“Mr. Bitters is the king of acronyms, which in retrospect also helped my future career.”

4840081158_68ea6ceb54_zSoon I’ll be heading to my 30-year high school reunion. Seems crazy that we’re all pushing 50 now and have a lifetime behind us. What happened to those fresh faced teenage idealists? All those who were going to save the world by holding hands or stop apartheid by wishful thinking? Our paths went in every direction. Some of us moved away. Some became insurance agents, a teacher or two, nonprofit executives and bus drivers, military service and public safety. I’m sure none of us took the exact path we thought we would.

I find myself doing more reflecting as I enter this next chapter of life. Having left behind my days of lights, sirens, operation centers, and deployments, the memories drift further back each passing day. As I look ahead to more strategy development and better beds while on the road I can’t help but take stock of how I got here. What did I learn in high school that stays with me now? It’s not trig, that I can promise you.

Of all the people who were a part of my life in high school, one truly stands out. I only had two classes with him, but the lessons stuck. Both in science and more importantly, life.

Conrad Bitters had a reputation as a no-nonsense kind of teacher. Every semester you’d hear groans from kids who got him for Biology. The fear. This guy didn’t pull punches and he made you work.

Let’s face it, as a teenager work really is about the only 4 letter word we took offense at.

I was no different. My friend Pat and I sat in his lab the first day with a certain dread.

Mr. Bitters is the kind of guy with a very dry and sometimes subtle sense of humor. When things went sideways, he kept his cool (mostly). Even when Pat and I set paper towels on fire (accidentally… we didn’t think about wetting them before using them as pot holders) that turned into a chain of spills and fires as other tables turned to watch us throw flaming debris in the sink.

He didn’t yell.

He did, however, comment on our collective intelligence as I recall. In that calm, collected, subtle way he told us that yes, we were stupid.

Humans are stupid. It’s nothing to get upset about. It just is. Learning that lesson carried me through 27 years of public safety.

Mr. Bitters is the king of acronyms, which in retrospect also helped my future career. One of his favorites was RTQFMM, usually delivered to somebody who wasn’t paying attention during a lecture. It would go something like this: “Mr. Smith, do you know the answer? No? Well it’s an RTQFMM.” Real Tough Question For Mental Midgets (STOP. It was the 80’s. We didn’t get hung up on correctness. Deal with it.).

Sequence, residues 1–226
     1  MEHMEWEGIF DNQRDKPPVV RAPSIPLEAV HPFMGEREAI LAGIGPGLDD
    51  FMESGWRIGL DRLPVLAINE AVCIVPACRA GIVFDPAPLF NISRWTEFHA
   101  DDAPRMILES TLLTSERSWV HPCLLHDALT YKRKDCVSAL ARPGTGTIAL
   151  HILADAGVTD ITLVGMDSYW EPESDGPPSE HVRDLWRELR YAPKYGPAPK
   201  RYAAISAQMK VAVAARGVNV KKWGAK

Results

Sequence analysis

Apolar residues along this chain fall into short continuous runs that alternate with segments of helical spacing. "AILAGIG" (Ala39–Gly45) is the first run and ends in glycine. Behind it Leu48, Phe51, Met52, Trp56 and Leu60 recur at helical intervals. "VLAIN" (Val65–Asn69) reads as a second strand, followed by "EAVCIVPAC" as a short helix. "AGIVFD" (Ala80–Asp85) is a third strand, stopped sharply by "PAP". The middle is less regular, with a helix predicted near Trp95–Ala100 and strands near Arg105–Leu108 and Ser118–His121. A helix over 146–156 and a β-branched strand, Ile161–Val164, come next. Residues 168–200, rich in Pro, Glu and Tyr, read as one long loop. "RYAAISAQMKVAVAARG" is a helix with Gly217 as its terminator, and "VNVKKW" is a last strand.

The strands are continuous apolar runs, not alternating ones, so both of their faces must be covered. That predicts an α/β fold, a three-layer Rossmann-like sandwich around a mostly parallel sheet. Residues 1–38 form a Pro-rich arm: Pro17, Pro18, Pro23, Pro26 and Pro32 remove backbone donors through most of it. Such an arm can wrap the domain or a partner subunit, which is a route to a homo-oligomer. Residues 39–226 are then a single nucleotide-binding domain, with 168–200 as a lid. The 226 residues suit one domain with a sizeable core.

The class laughed, Mr. Smith stopped staring at the girls and we all grew just a little bit.

He did indeed challenge us. Academically, socially and physically. Every other year he taught a summer session that focused on ecology. This wasn’t environmental platitudes. Nope. We spent one day in class prepping, 3 days in the field experiencing, and one day back in class recapping. Day one was more about a safety briefing and the last day was, I’m pretty sure, his way of making certain we all made it back.

The bulk of the learning took place sweating to the top of Table Mountain to look at geology or suspended off a cliff to look at fossils. Or having a snowball fight in Tioga Pass (in July) and studying astronomy lying on our backs in a meadow at 8000 feet. Or waist deep in mud looking at huge snails and getting pinched by tiny crabs in the tidal flats of Morro Bay.

In that moment a couple of us discovered the fine line between bravery and stupidity as the muck hit mid chest and we decided to turn back.

Mr. Bitters was the guy who pushed us – convincing us we could hike 10 miles along the edge of the Yosemite Valley. That we could tie in and rappel down a cliff (word to the wise, feet go in front of you, contrary to what your brain tells you). rope training

He’d be first in the water and last up the mountain pushing us to the top. You could complain, but you couldn’t quit. He let us – hell, encouraged us – to get dirty and ask questions, to seek answers and not be afraid. He did that in the classroom and out.

As for me…well I figured out I really had a knack for understanding life sciences and ended up in AP Biology. After high school while aimlessly trying to figure out what came next my girlfriend (now wife) pushed me into this new thing called EMS. It was a natural fit and the rest, as they say, is history.